Therefore, in the FIG. 1 embodiment each phase controls itself within the main reactors; however, basic or fundamental control is from the net differential of the currents flowing in the control signal means 20, 26, 28.

With reference to the FIG. 2 embodiment, the control achieved by the control signal means 100 is the limiting of the maximum magnitude that any phase current can achieve. This is done through the previously described operation of the illustrated control signal means 100 which provides a comparison between a current proportional to a selected one of the phase currents and a predetermined current established by the rheostat 106.

The FIG. 6 embodiment operates in a similar manner as between the level of control reactors and the level of main reactors; however, control in the FIG. 6 embodiment is based upon the phase voltages. This results in the phase currents being controlled so that the phase voltages are balanced.

The FIG. 7 embodiment functions in a manner similar to the FIG. 2 embodiment, except that the controlling currents are based upon a comparison between a phase voltage and a predetermined voltage so that the phase voltages can be limited to a predetermined maximum level.

Therefore, from the foregoing, it is apparent that the present invention provides an apparatus by which currents can be balanced, voltages can be balanced, maximum current magnitudes can be limited, and maximum voltage magnitudes can be limited. Through the operation of the current magnitude limiting mechanism, soft-starts for loads, such as motors, can be achieved. Through the operation of the maximum voltage magnitude limiting mechanism, voltage regulation can be provided by the present invention. Because the preferred embodiments of the present invention utilize magnetic fields in grain-oriented silicon steel, these controls of electrical power are performed in an efficient and reliable manner.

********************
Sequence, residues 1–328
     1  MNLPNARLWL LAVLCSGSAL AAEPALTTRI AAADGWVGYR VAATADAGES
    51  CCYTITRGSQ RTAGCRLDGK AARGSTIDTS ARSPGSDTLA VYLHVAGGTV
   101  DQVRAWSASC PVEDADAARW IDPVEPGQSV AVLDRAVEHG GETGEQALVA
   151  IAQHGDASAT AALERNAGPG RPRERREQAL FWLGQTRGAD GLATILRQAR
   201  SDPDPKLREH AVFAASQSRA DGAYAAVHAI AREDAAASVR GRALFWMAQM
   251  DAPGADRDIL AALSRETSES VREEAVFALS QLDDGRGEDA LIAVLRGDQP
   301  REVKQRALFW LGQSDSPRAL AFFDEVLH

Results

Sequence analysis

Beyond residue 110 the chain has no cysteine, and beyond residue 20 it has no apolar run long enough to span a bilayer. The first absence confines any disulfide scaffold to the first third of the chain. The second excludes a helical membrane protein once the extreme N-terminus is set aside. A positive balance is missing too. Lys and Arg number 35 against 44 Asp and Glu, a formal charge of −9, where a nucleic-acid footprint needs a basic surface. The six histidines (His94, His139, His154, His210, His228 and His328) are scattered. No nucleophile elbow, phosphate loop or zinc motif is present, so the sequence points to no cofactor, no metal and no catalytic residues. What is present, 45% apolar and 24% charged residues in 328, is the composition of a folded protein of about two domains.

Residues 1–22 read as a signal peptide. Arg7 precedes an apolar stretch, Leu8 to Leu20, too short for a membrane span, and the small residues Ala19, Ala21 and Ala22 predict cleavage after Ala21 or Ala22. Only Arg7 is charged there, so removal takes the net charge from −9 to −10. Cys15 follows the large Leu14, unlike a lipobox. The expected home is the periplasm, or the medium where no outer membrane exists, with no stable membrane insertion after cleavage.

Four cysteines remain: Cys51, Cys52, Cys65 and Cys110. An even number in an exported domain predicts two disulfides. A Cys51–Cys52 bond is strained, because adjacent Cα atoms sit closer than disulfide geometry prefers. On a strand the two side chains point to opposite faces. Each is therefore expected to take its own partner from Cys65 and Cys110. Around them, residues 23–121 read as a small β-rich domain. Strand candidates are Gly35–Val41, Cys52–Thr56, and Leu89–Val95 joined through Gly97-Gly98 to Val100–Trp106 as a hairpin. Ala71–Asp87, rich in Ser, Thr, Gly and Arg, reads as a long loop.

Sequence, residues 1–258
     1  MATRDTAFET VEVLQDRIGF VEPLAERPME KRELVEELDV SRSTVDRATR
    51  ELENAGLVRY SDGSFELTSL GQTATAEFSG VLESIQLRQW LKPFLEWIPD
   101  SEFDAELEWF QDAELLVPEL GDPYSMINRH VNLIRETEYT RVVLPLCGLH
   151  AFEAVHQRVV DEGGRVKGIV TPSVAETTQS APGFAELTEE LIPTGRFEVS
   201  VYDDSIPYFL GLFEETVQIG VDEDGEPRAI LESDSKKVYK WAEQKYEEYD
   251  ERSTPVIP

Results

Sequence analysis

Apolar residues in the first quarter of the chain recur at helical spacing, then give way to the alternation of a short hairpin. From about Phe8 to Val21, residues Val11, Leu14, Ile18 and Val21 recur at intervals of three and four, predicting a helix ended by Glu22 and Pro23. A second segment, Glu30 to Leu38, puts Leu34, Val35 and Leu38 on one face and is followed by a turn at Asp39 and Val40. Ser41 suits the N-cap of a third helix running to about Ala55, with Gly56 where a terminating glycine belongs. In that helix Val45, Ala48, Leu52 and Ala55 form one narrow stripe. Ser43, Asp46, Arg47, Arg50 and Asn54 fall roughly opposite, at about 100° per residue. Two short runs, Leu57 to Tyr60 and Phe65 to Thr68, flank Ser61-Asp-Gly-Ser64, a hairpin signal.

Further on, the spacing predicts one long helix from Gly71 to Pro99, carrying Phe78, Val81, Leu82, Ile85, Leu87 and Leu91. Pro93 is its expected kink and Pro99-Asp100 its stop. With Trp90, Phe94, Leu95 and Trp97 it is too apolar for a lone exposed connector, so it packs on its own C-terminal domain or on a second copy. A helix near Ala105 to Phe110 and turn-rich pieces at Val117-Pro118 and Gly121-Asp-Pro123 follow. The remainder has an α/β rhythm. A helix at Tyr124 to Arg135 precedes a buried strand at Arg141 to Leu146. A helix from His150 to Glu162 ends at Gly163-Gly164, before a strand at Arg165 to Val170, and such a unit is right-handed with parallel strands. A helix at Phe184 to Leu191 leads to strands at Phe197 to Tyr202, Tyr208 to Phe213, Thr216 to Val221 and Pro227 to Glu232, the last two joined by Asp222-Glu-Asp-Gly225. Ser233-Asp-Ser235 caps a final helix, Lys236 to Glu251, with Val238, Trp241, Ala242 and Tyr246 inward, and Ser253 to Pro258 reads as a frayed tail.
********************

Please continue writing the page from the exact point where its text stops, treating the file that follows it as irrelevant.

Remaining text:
Balancing of currents or voltages is achieved in the illustrated preferred embodiments by sensing differences between phase currents or between currents proportional to phase voltages and by converting the differentials into individual phase compensations. The cause of any unbalance in either the currents or voltages is irrelevant because the present invention automatically compensates for any cause of imbalance.

The soft-starting feature of the illustrated preferred embodiments is provided by the rheostat 106 shown in the FIG. 2 embodiment. By adjusting the setting of the rheostat 106, the current levels are adjustable from no softening to very soft.

The present invention is also capable of suppressing transients. This can be effected by connecting capacitors (not shown) across the load terminals (for example, terminals 10, 14, 18). This establishes an L-C filter because the windings in the reactors are wound around iron cores which create iron core inductors that are reluctant to conduct transient currents. The combination of the iron core inductances and the capacitances provide a transient suppressor.

With the present invention, relatively small control currents and control reactors can be used to control relatively large currents flowing in relatively larger main reactors.

Thus, the present invention is well adapted to carry out the objects and attain the ends and advantages mentioned above as well as those inherent therein. While preferred embodiments of the invention have been described for the purpose of this disclosure, numerous changes in the construction and arrangement of parts can be made by those skilled in the art, which changes are encompassed within the spirit of this invention as defined by the appended claims.

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Referenced by
Citing PatentFiling datePublication dateApplicantTitle
US4868481 *Apr 20, 1988Sep 19, 1989Southwest Electric CompanyApparatus and method for balancing electrical currents in a multiple-phase system
US5789907 *Jun 13, 1996Aug 4, 1998Top Gulf Coast CorporationVariable impedence transformer
US6566769 *Apr 27, 2000May 20, 2003Baker Hughes IncorporatedThree phase flat cable inductance balancer
Classifications
U.S. Classification323/253, 307/14, 323/336, 323/338
International ClassificationG05F1/335
Cooperative ClassificationY10T307/273, G05F1/335
European ClassificationG05F1/335